We are thoroughly amazed at how friendly and helpful the Islanders are in all these islands – one can never really get lost. It has been a godsend for the number of times we had taken more wrong turns than right ones. There are limited road signs & directions. I actually saw my life flash before my eyes when Reg took a turn towards oncoming traffic once and another time headed down a one-way street the wrong way! We were saved by a tooting horn behind us. I could just hear it……”G..damn tourists!”

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Travel_log_Samana_Feb 2008

samana_Dominican republic

Santa Barbara de Samana

As we were quite unprepared and having read about the problems in Samana, one of the lesser known towns in the Dominican Republic, we decided to wing it and take our chances. We did a walking tour which turned out to be a fruitful adventure.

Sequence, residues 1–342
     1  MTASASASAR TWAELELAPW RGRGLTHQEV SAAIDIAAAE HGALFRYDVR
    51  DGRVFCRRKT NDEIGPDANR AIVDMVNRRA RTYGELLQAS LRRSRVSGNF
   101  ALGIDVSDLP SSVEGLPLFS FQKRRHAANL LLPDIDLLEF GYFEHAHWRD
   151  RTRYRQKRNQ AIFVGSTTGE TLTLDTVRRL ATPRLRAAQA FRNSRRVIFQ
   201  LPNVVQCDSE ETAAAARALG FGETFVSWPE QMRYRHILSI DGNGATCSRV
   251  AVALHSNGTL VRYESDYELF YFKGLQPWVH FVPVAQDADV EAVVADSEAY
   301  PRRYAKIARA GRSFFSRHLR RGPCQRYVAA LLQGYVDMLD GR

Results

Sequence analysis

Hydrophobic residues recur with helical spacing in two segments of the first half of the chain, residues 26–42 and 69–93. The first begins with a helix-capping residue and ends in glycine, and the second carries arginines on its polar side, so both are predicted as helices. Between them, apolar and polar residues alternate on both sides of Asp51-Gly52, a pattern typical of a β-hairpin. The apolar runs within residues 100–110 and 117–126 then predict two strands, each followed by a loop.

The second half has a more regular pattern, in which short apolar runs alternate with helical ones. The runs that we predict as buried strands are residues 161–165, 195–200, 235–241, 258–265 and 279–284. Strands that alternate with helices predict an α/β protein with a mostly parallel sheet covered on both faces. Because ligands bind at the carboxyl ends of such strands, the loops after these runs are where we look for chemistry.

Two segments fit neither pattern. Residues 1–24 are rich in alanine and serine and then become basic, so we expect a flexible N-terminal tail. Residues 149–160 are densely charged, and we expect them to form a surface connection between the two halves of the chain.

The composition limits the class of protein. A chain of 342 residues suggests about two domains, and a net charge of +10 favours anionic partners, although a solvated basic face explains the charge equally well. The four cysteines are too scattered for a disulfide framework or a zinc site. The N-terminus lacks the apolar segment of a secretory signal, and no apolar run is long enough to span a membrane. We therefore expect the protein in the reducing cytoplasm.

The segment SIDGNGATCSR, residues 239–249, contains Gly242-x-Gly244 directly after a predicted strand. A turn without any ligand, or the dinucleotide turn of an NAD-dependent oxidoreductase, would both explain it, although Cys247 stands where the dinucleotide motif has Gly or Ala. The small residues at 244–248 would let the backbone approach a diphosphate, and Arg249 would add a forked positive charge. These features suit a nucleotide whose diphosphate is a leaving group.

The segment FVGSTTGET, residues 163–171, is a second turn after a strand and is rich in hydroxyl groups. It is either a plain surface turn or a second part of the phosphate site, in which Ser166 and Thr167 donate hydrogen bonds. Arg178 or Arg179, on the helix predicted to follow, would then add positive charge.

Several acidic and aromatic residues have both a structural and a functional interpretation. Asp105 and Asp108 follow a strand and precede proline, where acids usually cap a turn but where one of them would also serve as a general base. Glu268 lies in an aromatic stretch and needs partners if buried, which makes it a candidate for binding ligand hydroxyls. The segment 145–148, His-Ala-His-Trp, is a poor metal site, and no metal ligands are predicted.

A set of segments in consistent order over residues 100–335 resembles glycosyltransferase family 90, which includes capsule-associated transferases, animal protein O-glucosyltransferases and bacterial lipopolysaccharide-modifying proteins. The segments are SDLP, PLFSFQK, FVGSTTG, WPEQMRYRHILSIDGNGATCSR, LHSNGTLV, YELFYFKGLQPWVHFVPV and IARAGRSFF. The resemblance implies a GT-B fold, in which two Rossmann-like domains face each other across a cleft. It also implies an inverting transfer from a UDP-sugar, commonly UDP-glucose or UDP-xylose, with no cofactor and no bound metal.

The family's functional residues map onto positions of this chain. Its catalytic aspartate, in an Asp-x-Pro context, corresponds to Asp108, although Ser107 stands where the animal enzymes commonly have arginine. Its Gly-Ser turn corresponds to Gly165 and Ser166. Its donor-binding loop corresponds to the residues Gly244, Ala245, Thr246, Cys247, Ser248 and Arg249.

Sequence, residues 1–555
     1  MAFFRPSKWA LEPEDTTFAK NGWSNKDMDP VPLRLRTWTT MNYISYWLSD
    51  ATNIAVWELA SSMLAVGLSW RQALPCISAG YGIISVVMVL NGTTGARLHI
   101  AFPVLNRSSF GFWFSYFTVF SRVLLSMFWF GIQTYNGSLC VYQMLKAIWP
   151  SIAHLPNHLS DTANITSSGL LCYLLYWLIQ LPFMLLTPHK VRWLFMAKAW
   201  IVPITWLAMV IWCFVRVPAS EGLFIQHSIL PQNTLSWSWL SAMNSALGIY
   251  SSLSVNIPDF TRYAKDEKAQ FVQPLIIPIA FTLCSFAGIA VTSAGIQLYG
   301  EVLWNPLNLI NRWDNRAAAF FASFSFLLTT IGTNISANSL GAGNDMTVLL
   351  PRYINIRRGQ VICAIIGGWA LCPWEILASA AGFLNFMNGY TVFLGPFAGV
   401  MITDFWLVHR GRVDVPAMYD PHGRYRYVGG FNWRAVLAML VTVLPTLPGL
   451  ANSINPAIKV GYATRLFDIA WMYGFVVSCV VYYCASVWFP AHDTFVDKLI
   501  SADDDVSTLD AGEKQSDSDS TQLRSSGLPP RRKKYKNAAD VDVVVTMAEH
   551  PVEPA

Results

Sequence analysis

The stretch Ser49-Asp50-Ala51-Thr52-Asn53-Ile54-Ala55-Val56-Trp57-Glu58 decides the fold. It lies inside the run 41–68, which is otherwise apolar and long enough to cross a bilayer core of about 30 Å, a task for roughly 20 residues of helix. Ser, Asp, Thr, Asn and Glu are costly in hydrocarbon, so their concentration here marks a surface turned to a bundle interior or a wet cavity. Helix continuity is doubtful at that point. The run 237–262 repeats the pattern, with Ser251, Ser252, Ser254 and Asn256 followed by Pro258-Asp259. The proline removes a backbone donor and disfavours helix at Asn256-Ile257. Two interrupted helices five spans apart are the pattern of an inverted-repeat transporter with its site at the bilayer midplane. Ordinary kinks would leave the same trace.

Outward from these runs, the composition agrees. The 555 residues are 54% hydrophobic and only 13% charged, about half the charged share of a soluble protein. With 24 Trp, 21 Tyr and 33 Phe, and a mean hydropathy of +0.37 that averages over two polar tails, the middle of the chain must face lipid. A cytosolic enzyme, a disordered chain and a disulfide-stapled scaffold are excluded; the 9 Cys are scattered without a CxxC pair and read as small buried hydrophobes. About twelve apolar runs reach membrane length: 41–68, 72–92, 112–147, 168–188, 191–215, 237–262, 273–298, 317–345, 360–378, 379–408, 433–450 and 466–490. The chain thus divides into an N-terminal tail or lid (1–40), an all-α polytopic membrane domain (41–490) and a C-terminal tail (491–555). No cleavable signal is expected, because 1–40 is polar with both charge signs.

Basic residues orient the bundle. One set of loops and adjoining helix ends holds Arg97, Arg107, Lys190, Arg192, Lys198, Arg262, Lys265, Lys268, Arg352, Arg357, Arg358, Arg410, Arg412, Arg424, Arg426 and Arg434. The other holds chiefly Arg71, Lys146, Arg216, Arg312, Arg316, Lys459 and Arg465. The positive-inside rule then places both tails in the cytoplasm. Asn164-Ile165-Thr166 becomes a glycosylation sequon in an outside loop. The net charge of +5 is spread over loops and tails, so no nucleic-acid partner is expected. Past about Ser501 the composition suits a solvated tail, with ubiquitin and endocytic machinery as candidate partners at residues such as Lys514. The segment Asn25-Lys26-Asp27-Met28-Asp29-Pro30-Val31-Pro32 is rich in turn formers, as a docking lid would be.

The “pride of Samana” is a set of two causeways out to a tiny island at the harbour mouth. Getting there was unprepossessing as the locals seemed to have carved out a new road which was left as red dirt and dust. It was longer than it looked. The walk along the causeway was interesting, it provided us with great views of down town Samana, it also took us to several ruins (which could have either been houses or resorts). We then ended up at a quiet beach (part of a rather ostentatious resort with their own elevator to the beach), and our first step onto white sand and blue seas of the Caribbean. No begging on the beaches like Mexico and very friendly locals. This was a good start to the trip.

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Travel log_Barbados_Feb 2009